If you visit the British Museum – it is worth a quick look at Cristovao Canhavato’s Throne of Weapons sculpture. The Throne is the result of the a project which offered former civil war combatants agricultural and other tools in exchange for their assault rifles and sub-machine guns following the end of the Civil War in Mozambique in 1992. Unsurprisingly, the AK47 forms the main content of the Throne, but there is a Russian AKM in there and some other unidentifiable bits.
It is a thought-provoking sight and it is impossible not to reflect on the individual fighters who used these weapons during the civil war. It is strange to see the familiar shapes of the weapons’ component parts chopped up and welded together to make the Throne of Weapons.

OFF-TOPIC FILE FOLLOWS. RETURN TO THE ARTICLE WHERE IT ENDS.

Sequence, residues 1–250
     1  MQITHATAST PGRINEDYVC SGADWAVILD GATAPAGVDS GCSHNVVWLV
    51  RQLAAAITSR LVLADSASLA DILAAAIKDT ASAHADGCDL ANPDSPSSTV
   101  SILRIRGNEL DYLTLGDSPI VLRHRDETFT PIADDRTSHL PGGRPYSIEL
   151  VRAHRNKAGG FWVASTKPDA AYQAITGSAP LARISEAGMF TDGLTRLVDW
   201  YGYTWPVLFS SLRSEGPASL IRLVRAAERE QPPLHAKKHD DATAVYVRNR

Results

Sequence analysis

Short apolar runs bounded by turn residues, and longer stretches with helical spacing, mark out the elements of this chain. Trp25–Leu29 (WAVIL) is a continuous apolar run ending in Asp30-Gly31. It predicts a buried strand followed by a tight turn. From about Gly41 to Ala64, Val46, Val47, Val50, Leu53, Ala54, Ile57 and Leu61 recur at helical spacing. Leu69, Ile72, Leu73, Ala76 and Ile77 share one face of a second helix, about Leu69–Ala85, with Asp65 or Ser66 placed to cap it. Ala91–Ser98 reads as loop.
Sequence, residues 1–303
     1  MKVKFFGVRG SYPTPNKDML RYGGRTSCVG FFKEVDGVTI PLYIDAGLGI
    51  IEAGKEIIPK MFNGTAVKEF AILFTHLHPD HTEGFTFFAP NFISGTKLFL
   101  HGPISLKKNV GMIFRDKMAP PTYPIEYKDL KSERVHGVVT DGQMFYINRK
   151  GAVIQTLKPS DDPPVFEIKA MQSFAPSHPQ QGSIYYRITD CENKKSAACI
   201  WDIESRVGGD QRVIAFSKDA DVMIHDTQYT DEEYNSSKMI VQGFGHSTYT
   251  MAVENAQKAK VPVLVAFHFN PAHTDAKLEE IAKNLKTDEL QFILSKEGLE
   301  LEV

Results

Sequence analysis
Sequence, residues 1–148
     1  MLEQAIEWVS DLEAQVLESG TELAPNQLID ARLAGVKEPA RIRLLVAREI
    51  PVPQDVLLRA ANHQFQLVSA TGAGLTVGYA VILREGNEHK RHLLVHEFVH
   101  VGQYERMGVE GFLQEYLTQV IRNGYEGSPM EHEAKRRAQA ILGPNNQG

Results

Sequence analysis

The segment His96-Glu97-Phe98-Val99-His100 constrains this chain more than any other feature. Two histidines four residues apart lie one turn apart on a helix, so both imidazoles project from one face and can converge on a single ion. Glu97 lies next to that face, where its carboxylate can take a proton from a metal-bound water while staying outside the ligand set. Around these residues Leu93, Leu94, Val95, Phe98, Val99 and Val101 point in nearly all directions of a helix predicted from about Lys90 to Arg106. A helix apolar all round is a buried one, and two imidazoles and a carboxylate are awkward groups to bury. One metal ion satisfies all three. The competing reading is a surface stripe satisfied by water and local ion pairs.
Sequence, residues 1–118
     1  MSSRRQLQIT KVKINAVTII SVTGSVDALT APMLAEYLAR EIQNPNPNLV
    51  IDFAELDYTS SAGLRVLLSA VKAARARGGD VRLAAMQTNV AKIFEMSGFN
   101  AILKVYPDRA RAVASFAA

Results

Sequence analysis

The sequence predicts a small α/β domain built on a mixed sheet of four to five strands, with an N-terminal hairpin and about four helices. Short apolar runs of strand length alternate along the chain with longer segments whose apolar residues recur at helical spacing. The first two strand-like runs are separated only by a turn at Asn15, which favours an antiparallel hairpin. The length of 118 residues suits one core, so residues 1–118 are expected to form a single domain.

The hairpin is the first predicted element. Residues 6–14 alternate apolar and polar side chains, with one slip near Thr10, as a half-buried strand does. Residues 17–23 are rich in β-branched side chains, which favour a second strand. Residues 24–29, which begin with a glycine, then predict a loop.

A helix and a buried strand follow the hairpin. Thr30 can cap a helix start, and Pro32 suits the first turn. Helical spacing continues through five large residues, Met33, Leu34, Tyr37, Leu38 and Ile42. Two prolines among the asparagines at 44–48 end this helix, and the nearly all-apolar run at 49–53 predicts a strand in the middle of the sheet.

The sculpture was brought to the UK by Christian Aid – the symbol of recycling guns obviously representing the theme of ‘swords into ploughshares’. Yet, the British Museum also points out that chairs are often representative of power in African societies, so given the name of the sculpture there is clearly another deeper meaning.
For this visitor the Throne does have a strangely sinister feel to it.
It is such a contrast to the daily scene of order and neat lines of carefully stored and maintained weapons seen every day in police and military armouries.
Its rough construction helps to make it a powerful piece which evokes the anarchy and brutality during the chaos of the civil war.